Tell us about your background. Tell us about Mum, Dad.
My father was Engineer Emmanuel Bamidele Elliot, born to Yoruba parents. He’s from a place called Olowo in Lagos Island. In 1955, they moved from Lagos Island to Surulere and settled in Gbaja. My father and family have been in Gbaja since 1955 and we’re still there till this very moment. My Dad is late now but his elder brother, Pa Elliot is still alive. I still have my brothers and half brothers and we’re great together. My father had two wives, my mum being the second, she is Delta-Igbo, from a place called Ilah, same place where Steven Keshi is from. They’re very wonderful and we’re quite close. I grew up in the north, in Jos.
I had my primary, secondary and part of my university life in Jos. I attended St. John College, Jos, I went to a place in Pankshin called Plateau College, Sharam, then I went to Air Force Primary School, Jos. And my wife is from Akwa Ibom, so you can see that I am North, South, East and West, you can see that I’m a typical and complete Nigerian and it flows through my veins.
Having all these extractions around me has helped me love and appreciate people, understand ourselves as Nigerians and see that we’re so different, yet perfectly unique. I’ve come to appreciate every tribe and tongue, and really, all of these have helped form part of who I am. For a good part of my life, I’ve been known as Sola, it was when I was getting into the movie industry that I decided to adopt the name Desmond because my last name is English as well.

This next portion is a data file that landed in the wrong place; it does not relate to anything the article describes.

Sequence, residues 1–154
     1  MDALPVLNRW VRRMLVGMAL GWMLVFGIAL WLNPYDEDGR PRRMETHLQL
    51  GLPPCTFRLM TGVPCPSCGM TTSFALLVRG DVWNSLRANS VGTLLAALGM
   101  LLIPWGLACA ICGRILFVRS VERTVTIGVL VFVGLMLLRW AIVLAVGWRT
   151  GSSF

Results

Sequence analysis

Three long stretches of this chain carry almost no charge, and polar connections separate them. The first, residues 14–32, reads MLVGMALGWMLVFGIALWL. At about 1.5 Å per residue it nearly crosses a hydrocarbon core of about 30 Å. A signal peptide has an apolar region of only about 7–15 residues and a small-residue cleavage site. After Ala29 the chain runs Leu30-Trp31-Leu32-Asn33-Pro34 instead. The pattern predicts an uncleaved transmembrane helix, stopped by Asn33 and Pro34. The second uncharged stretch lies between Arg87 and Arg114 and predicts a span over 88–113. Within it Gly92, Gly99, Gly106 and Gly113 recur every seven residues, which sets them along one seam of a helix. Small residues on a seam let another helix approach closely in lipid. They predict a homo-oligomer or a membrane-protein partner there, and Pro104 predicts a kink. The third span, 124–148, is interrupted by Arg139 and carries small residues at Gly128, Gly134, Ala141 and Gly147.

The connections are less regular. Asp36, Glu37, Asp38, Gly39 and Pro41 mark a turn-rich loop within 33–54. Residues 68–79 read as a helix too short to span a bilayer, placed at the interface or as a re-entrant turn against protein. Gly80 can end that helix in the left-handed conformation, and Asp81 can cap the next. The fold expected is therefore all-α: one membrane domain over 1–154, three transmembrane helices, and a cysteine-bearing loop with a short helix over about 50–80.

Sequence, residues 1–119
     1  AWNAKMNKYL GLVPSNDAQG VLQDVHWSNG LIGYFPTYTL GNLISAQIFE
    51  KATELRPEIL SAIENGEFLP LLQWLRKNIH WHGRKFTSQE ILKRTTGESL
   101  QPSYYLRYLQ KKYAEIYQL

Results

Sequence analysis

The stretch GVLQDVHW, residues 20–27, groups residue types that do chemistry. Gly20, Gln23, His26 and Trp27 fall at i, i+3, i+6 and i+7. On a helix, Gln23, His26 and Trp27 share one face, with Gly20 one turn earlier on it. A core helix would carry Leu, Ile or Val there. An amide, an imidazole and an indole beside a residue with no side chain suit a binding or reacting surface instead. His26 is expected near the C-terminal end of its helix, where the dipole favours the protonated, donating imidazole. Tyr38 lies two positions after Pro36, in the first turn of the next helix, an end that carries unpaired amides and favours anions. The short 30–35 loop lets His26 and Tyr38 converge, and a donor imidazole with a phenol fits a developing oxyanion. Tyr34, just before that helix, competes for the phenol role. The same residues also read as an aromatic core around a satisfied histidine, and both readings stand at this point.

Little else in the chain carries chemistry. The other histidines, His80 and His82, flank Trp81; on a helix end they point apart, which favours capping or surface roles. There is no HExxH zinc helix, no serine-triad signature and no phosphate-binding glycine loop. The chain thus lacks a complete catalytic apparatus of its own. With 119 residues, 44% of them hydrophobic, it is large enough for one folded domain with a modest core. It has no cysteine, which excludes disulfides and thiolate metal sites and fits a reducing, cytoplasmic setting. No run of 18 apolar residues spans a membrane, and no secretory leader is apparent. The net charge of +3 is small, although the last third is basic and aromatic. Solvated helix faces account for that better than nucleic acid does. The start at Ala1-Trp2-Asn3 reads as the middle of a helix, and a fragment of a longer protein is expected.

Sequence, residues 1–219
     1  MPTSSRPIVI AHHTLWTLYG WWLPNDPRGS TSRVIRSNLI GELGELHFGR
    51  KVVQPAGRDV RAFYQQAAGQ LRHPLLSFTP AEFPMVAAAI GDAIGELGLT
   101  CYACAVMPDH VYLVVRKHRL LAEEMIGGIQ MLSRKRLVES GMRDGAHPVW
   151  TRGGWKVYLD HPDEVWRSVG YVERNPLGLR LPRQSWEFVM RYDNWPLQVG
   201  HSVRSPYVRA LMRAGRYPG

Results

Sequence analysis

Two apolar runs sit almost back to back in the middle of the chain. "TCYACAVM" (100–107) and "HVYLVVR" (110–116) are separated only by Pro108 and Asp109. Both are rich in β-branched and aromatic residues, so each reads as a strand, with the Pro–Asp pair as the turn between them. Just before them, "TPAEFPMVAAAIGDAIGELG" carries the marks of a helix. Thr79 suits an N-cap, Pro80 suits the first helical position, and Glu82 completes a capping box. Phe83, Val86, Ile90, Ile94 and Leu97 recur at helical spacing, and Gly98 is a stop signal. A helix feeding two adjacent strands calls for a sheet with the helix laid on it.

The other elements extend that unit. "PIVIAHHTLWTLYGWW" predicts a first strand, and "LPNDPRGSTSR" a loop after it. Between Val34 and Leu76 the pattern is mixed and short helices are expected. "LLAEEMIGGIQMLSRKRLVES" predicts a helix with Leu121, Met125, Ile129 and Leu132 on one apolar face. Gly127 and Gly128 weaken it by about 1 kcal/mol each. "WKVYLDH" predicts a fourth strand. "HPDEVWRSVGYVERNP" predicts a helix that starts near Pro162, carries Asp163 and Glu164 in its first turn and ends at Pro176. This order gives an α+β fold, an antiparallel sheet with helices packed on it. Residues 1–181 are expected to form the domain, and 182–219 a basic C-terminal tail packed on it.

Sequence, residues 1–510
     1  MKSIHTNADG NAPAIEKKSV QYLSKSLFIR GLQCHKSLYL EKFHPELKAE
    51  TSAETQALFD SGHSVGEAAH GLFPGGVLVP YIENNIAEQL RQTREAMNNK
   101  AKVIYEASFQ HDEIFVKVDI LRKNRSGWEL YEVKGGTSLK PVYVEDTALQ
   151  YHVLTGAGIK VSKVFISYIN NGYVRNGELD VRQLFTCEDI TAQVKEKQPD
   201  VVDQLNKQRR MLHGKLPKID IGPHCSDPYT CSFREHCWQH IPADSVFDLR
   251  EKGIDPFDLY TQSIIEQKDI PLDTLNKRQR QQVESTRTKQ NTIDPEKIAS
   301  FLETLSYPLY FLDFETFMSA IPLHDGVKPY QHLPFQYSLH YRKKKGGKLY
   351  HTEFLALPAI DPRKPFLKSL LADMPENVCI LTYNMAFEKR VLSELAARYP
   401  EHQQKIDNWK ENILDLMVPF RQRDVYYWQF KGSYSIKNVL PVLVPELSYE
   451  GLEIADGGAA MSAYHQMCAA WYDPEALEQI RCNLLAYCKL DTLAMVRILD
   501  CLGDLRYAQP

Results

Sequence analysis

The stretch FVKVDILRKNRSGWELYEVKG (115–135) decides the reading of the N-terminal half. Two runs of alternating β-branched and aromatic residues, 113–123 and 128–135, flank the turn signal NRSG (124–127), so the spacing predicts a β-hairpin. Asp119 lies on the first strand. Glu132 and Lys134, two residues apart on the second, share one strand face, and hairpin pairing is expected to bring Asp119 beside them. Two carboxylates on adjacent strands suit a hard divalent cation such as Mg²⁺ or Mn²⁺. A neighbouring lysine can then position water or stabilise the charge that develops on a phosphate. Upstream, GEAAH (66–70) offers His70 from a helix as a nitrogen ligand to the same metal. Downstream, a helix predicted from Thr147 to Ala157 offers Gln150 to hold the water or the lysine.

What part of your background would you now say prepared you for what you’re doing now?
I think it’s a combination of a lot of things. The fact that I grew up in Jos is one, but more than any other thing I think it’s the desire. I was a keen follower of the presidential elections then and was watching the whole MKO campaign keenly. For some reasons it got me interested. He got us hopeful for a better Nigeria, I am still hopeful for a better Nigeria. Personally, I do not think the victory and the development we’re looking for is in the hands of the old generation. I do not think so. Right now, we’re just patching things up, I strongly believe the future and success of this country is in the hands of the younger generation.
When I say, younger generation, I’m not saying that during the election year they should just come out and say they want to run for presidency, no, that’s not what I’m saying. I’m saying that we need to start grooming a lot of young people, from 20 year olds, 25, year olds, 35 year olds, into the workings of government so that you can give them a 4 to 8 year plan.
And after 8 years, you’ll be amazed at what they’re going to bring out. I believe this is something we have to start putting in place for the young people to be ready to take over. The only thing I feel the older ones owe this country right now is the responsibility to groom the younger ones to become mature enough to take over the reins of government. They can bring in fresh ideas that we actually have but do not have collectively as a people. It is very possible because we’ve been failed many times by the old ones.